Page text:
"Unpleasantness is rearing its ugly head in Berkeley Mansions, W1. I note also a lack of give-and-take and an absence of the neighbourly spirit. I have just been talking to the manager of the building on the telephone, and he has delivered an ultimatum. He says I must either chuck playing the banjolele or clear out." Jeeves' sympathies do not lie with his master's musical experiment and he threatens to leave. So Bertie seeks refuge in Lord Chuffington's cottage until his peace is shattered by the arrival of his ex-fiancee Pauline Stoker and her formidable father.
Zadie Smith - NW (angol)
This is the story of a city. The northwest corner of a city. Here you’ll find guests and hosts, those with power and those without it, people who live somewhere special and others who live nowhere at all. And many people in between. Every city is like this. Cheek-by-jowl living. Separate worlds. And then there are the visitations: the rare times a stranger crosses a threshold without permission or warning, causing a disruption in the whole system. Like the April afternoon a woman came to Leah Hanwell’s door, seeking help, disturbing the peace, forcing Leah out of her isolation… Zadie Smith’s brilliant tragi-comic new novel follows four Londoners - Leah, Natalie, Felix and Nathan – as they try to make adult lives outside of Caldwell, the council estate of their childhood. From private houses to public parks, at work and at play, their London is a complicated place, as beautiful as it is brutal, where the thoroughfares hide the back alleys and taking the high road can sometimes lead you to a dead end. Depicting the modern urban zone – familiar to town-dwellers everywhere – Zadie Smith’s NW is a quietly devastating novel of encounters, mercurial and vital, like the city itself.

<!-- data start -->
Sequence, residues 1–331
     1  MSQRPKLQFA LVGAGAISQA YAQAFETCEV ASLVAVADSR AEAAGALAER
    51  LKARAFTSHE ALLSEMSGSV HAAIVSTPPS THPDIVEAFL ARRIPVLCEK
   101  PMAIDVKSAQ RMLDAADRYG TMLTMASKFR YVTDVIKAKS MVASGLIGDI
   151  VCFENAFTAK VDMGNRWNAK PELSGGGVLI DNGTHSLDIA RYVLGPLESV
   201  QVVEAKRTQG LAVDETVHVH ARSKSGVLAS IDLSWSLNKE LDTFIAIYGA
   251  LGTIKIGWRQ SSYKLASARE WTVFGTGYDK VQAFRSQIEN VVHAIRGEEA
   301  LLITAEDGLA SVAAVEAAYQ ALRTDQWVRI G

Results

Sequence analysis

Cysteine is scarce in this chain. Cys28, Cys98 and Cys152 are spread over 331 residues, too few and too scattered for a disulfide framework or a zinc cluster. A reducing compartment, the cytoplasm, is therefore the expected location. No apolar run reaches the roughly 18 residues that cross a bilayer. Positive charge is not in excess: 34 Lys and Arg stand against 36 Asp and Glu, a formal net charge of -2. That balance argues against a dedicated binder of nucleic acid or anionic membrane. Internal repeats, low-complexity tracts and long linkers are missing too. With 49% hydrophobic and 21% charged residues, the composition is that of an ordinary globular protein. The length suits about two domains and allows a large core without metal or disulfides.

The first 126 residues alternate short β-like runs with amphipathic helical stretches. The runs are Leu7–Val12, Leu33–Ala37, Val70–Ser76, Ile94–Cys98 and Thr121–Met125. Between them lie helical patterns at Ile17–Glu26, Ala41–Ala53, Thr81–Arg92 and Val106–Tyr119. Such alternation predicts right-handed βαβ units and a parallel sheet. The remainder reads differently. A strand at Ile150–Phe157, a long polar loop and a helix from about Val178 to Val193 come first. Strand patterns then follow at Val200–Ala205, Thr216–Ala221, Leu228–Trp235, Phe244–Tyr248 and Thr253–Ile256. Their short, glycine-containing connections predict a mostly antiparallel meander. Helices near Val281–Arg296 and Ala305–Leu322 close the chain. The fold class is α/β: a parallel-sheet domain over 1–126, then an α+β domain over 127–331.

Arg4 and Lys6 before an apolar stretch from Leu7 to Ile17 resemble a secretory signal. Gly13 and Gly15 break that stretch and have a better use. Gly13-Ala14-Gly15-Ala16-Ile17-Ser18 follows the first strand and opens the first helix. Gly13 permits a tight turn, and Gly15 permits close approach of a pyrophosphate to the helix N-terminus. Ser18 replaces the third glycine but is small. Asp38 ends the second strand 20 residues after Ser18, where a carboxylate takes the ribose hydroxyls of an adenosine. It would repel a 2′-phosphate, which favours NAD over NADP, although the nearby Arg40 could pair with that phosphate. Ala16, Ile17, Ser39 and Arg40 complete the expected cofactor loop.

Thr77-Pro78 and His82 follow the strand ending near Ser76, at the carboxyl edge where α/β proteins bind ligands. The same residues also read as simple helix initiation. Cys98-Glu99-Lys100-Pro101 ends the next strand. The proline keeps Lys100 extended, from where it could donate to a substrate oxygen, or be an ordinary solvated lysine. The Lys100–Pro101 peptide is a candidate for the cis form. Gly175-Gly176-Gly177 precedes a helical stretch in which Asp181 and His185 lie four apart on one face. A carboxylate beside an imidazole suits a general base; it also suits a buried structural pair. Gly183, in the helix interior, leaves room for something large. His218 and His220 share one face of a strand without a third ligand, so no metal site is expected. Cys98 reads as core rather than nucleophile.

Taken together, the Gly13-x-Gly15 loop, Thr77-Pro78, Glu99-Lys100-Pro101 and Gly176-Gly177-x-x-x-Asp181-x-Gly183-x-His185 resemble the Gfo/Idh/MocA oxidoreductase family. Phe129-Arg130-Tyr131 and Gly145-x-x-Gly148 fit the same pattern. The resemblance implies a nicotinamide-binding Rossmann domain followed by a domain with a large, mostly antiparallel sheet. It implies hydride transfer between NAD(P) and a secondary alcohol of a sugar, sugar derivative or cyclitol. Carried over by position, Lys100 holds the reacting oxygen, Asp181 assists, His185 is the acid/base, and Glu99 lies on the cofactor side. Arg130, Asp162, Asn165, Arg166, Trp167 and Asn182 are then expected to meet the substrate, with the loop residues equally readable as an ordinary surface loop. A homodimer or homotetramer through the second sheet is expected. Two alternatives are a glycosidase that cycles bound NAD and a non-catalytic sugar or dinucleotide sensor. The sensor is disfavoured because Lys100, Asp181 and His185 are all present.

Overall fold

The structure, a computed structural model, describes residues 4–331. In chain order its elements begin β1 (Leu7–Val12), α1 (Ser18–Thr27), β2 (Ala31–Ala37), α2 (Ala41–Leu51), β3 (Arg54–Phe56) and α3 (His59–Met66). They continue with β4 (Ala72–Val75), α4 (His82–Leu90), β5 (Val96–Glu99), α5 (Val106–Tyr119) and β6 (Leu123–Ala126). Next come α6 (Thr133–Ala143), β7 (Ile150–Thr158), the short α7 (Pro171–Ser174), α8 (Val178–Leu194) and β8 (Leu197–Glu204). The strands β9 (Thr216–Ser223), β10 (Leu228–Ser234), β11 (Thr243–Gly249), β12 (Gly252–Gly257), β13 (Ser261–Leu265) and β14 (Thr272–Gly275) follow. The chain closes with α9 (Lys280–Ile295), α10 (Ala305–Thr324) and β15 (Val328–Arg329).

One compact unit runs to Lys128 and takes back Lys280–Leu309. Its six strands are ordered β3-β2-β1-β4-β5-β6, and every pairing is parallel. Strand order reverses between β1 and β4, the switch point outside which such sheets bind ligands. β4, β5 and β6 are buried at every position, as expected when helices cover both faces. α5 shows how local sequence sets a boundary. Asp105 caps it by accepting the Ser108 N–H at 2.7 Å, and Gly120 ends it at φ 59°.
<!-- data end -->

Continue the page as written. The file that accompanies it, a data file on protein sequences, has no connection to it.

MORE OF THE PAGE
Trudi Canavan - The Magicians' Guild
Each year the magicians of Imardin gather to purge the city streets of beggars, urchins and miscreants. Masters of the disciplines of magic, they know that no one can oppose them. But their protective shield is not as impenetrable as they believe. As the mob is herded from the city, Sonea, a young street girl, furious at the authorities' treatment of her family and friends, hurls a stone at the shield, putting all of her rage behind it. To the amazement of all who watch, there is a flash of blue light and the stone passes straight through the barrier and cracks a magician on the temple, rendering him unconscious. After five hundred years of order, the guild's worst fear has been realised - an untrained magician is loose on the streets. She must be found, and quickly, before her uncontrolled powers unleash forces that will destroy both her, and the city that is her home. In the tradition of Garth Nix's Sabriel, The Magicians' Guild is the first volume in a stunning new fantasy trilogy that ripples with magic, action and high adventure.